When insurrectionists and thugs stormed the Capitol on January 6, their attack reverberated pain throughout our republic. Not just because of the power they hoped to exude by invoking fear, but because they tore at the fabric of our democracy to which we are all bound.
“We the People” is not just a phrase or words on the pages of our founding documents. It’s the creed that connects us as a people. It’s a higher calling by which we live and die. And it’s embodied by our service to this country.
We saw it in the heroes on the front lines of the COVID-19 pandemic, who risked their lives in ICUs, in emergency response and law enforcement. We saw it in teachers who fought for our kids’ well-being, and we saw it in our neighbors who lifted us up when businesses, jobs and loved ones were lost.
They gave proof through the night. And through their service, our flag is still here.
Indeed, the core strength of our nation has been rooted in the efforts of those whose compassion, courage and dogged commitment to service has never wavered—and because of them, we have always prevailed.
Even in the shadows of this presidency and the darkness of a pandemic, a flattened economy and civil unrest, President Donald Trump sought power; but the American people, guided by the fundamental principles of unity and service, found each other.
Because of their unshakable faith in our democracy, we are on the precipice of a new dawn in our nation. Joe Biden and Kamala Harris mean what they say when they speak of being a president and vice president for all Americans—regardless of political stripe, creed or color. That promise rings true for us because his commitment is our commitment. His service is our service. And we’re linked together not only by what America has been but what it can be for generations to come.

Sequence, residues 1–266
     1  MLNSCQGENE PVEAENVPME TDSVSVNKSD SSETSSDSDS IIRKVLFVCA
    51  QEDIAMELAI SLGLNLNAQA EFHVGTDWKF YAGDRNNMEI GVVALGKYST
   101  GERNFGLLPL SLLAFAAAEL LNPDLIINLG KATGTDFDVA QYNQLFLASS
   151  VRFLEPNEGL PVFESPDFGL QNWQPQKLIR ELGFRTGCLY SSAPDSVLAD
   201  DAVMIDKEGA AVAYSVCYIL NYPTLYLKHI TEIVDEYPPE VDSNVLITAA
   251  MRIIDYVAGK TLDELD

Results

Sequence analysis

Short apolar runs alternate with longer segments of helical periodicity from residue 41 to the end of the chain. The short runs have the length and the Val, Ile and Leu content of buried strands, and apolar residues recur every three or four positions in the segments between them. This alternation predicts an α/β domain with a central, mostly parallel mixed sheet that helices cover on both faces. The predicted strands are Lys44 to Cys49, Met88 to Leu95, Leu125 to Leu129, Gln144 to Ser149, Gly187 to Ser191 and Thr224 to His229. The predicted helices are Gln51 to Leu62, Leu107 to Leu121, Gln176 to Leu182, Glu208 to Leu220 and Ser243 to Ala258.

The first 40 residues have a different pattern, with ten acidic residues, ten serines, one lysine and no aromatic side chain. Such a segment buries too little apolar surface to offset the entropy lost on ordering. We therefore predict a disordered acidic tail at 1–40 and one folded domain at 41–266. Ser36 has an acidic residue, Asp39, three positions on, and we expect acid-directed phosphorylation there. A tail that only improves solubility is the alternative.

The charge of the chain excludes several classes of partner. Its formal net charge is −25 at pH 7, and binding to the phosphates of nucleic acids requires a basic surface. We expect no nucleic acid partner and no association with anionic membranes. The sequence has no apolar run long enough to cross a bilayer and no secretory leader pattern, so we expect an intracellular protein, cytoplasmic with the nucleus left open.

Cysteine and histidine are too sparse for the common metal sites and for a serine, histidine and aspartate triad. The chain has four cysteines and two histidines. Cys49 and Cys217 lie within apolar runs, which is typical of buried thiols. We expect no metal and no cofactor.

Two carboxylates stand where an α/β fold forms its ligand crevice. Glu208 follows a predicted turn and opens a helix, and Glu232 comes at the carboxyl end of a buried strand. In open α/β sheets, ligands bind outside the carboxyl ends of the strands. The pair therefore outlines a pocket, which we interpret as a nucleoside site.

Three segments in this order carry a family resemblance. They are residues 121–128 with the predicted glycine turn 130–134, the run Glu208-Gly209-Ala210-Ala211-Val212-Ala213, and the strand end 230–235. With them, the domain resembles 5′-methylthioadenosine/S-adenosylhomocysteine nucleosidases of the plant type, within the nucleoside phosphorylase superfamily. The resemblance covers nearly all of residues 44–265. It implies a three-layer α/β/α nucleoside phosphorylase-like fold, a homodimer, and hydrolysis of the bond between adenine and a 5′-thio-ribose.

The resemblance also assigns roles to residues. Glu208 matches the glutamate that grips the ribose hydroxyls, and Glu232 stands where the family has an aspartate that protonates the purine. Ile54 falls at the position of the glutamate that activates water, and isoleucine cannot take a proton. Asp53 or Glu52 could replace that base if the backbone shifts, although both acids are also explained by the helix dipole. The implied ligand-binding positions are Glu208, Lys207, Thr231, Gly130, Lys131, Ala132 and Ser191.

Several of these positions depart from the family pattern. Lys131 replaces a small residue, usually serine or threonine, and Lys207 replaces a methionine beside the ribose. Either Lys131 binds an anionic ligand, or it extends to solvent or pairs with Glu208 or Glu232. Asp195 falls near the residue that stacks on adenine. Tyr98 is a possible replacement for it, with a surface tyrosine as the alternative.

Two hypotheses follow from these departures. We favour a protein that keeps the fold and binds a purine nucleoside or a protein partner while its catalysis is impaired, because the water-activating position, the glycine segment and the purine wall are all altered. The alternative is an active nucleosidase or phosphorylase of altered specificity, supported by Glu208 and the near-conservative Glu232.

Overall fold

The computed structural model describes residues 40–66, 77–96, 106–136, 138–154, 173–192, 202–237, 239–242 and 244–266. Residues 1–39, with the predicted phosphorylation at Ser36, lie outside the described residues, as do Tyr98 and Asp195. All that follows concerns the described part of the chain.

As we embark on this new chapter, we’re also seeking to heal the wounds of the Trump presidency. Communities and families have been splintered by petty politics and the consequences of Trump’s incompetent leadership. That’s why this moment must be defined first by what strengthens and unites us as a people—and that is our commitment to each other through service.
On Monday, just two days before Joe Biden and Kamala Harris are sworn into office, our nation honored Martin Luther King Jr.’s legacy of justice through peace and nonviolence. It’s fitting then, that the Biden Presidential Inaugural Committee joined a National Day of Service to mark the beginning of a new era in our country.
By recognizing the heroic acts of service from everyday Americans, who pulled us out of the depths of a pandemic and encouraging new acts of service across the country, we can begin to repair the bonds that Trump sought to diminish.
Over 244,000 Americans volunteered more than 2 million hours of service on Monday, according to the Day of Service team. This included joining a virtual food drive, making care packages for frontline workers and assisting those whose mental health issues have been exacerbated by the pandemic.
On Wednesday, a new administration will be ushered in by the strength of Americans united in service. That’s because “We the People” are not defined by the adversaries who try to divide us; but rather by our service to one another.
Michael Steele served as a former GOP chair and lieutenant governor of Maryland.
The views expressed in this article are the writer’s own.